Dupree and Thornburgh to Teach Harpsichordist Masterclass
Stanford University, in cooperation with the San Francisco Early Music Society (SFEMS), will present an afternoon master class devoted to the teachings of Dutch harpsichordist Gustav Leonhardt. The class will take place on Saturday, February 29, from 1:00–3:00 p.m., in Campbell Recital Hall, Braun Music Center, 541 Lasuen Mall, on the Stanford University campus. Renowned harpsichordists Jillon Stoppels Dupree and Elaine Thornburgh, who met while studying with him in Amsterdam, will share highlights of their lessons as they instruct the master class students. They have since collaborated as duo harpsichordists and teaching partners. Repertoire for this master class will include music by Girolamo Frescobaldi, Louis Couperin, Jean-Phillippe Rameau and J.S. Bach. Student performers will be from the community at large, including Stanford harpsichord students. The master class will close with a roundtable discussion led by SFEMS Executive Director Derek Tam, who is also an active early keyboard performer. The class is free for both auditors and performers.
Harpsichordist and organist Gustav Leonhardt (1928–2012) was one of the iconic 20th-century pioneers of the revival of early music performance practice. He recorded extensively on various original keyboard instruments as soloist, conductor and continuo player. For decades, his performing and teaching around the world set the highest standard for the interpretation of early keyboard music. He taught and performed in a variety of settings, bringing his unique approach to articulation, touch, gesture and phrasing. His influence lives on today through his lineage of hundreds of students (and now their students), who continue to expand on his legacy.
The master class and subsequent discussion will be videotaped for inclusion in the newly-created Gustav Leonhardt Pedagogy Archive.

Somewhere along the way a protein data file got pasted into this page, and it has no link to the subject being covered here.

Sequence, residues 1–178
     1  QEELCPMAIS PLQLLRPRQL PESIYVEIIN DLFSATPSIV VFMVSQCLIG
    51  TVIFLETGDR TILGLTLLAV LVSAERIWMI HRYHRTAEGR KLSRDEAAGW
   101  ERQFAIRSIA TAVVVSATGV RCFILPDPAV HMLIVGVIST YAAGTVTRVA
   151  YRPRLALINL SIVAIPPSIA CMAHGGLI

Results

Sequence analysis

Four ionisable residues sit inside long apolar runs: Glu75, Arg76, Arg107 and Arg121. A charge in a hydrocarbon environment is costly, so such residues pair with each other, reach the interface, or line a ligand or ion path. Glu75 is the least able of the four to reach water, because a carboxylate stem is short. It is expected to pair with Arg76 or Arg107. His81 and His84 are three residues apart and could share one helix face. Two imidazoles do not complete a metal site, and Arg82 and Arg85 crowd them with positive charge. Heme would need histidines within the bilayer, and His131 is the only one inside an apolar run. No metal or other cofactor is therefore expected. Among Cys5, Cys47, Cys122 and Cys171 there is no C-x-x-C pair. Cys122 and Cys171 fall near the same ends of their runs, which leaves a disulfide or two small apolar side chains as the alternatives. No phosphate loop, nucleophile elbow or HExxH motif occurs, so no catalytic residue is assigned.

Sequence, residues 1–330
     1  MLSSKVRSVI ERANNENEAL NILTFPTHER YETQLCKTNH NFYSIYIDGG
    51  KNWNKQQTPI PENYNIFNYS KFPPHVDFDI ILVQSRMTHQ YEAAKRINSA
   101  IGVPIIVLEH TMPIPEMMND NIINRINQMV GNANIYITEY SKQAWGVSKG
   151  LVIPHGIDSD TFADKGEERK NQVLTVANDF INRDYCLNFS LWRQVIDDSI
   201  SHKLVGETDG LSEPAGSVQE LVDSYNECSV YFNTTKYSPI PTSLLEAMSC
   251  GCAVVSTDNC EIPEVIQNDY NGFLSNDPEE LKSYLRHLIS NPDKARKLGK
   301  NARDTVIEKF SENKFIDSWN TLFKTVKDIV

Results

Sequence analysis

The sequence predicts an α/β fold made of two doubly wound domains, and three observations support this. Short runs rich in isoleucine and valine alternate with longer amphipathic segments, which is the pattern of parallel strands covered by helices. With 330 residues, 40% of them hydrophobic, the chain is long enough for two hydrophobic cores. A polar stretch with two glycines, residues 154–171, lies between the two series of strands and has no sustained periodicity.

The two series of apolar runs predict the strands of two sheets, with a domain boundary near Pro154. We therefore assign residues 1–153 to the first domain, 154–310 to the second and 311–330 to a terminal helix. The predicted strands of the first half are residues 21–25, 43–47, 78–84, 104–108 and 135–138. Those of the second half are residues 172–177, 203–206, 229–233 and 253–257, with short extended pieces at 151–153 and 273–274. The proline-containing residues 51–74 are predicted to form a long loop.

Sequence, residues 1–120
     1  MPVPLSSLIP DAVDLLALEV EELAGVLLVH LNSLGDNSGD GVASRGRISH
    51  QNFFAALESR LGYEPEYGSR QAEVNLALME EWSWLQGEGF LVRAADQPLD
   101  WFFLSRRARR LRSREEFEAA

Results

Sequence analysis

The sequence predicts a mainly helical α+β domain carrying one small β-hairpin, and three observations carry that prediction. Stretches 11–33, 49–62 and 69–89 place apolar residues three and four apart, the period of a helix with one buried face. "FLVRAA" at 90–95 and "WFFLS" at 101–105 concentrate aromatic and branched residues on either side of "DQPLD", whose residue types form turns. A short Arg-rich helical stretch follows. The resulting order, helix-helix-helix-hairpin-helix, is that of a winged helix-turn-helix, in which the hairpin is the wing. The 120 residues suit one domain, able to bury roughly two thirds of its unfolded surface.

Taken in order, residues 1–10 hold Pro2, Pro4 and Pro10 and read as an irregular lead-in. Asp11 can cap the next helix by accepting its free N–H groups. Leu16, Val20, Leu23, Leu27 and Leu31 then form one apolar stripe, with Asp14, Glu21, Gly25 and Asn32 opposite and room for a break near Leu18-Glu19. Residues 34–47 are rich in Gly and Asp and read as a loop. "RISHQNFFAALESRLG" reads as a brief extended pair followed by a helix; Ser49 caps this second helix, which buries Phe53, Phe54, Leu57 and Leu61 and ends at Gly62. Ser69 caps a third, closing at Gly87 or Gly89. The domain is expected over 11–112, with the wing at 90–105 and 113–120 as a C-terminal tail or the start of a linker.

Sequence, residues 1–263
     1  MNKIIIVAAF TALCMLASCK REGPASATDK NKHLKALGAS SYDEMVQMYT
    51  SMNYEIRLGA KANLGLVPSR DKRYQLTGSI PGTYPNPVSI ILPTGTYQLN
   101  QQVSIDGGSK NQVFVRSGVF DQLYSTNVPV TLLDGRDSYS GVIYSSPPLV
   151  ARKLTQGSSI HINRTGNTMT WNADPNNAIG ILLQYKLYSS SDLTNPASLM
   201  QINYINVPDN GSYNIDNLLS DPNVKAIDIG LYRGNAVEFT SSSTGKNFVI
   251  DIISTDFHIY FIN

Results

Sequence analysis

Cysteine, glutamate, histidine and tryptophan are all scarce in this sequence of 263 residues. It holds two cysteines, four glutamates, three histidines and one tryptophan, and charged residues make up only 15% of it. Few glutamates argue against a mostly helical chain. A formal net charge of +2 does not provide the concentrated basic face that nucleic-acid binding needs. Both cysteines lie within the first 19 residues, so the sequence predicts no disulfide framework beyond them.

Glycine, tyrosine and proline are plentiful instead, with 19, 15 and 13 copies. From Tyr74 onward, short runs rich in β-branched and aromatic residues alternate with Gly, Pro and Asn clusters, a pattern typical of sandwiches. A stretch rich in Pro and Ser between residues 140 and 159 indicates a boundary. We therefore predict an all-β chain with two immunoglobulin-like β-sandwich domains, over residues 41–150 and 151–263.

Jillon Stoppels Dupree has been described as “one of the country’s top Baroque musicians, a superior soloist and top-ranked ensemble player;…a baroque star” (Seattle Times). She performs with the Seattle Symphony, Seattle Baroque Orchestra, San Francisco Bach Choir, San Francisco Choral Artists, and Ensemble Electra; her chamber music collaborations include such artists as Wieland Kuijken, Julianne Baird, Ellen Hargis, Ingrid Matthews, Janet See, and Marion Verbruggen. She received both Fulbright and Beebe Fund awards for study abroad, and her teachers included Gustav Leonhardt, Kenneth Gilbert, Edward Parmentier and Lisa Goode Crawford. An honors graduate of the Oberlin College Conservatory of Music and Masters recipient at the University of Michigan, Ms. Dupree has taught at both her alma maters, at Seattle’s Cornish College of the Arts, and was an artist in residence at Stanford University and the University of Washington. She received the National Endowment for the Arts Solo Recitalist award, for performance of contemporary harpsichord music, and her world-premiere recording of Philip Glass’s Concerto for Harpsichord was heralded as “superb!” by the New York Times. She can be heard on the Meridian, Decca, Orange Mountain, Wildboar and Delos labels.
Elaine Thornburgh is heard in residence at various institutions, including multiple music academies in Poland and the University of Virginia. She gives recitals on historic keyboard instruments from the nation’s most prestigious collections, including the Smithsonian Institution, Colonial Williamsburg, the Huntington Museum and the Metropolitan Museum of Art in New York. A prize winner at the Bruges International Harpsichord Competition and recipient of the National Endowment for the Arts Solo Recitalist Award, she also toured California for many years as an Arts Council Touring Artist. She was invited to perform as soloist and ensemble player at CSU Northridge, Fresno County Free Library, Sonora Bach Festival, the California Academy of Sciences, Stanford University, and for various arts councils. She has recorded Scarlatti, Byrd and Haydn for Koch International Classics and Lyrichord’s Early Music Series. Her Scarlatti CD was voted Critic’s Choice by Gramophone. She was a harpsichord student of Alan Curtis while an undergrad at UC Berkeley, subsequently studied with Gustav Leonhardt, and graduated with a Masters in music from the San Francisco Conservatory of Music. She is currently the instructor of Harpsichord for the Department of Music at Stanford University.
The following day, Dupree and Thornburgh will perform Dueling Harpsichords, featuring music of J.S. Bach, J.C. Bach, F. Couperin, Le Roux, Mozart, and Soler. The concert takes place at 1635 Tacoma Avenue in Berkeley, starting at 2:00 p.m. There is a $25 suggested donation (pay by check to 1635 Tacoma Ave or venmo to Ilana Bar-David). For information contact firstname.lastname@example.org or call 510-616-0807. The program will be repeated the following night at Stanford’s Memorial Church, starting at 7:30. This performance is free.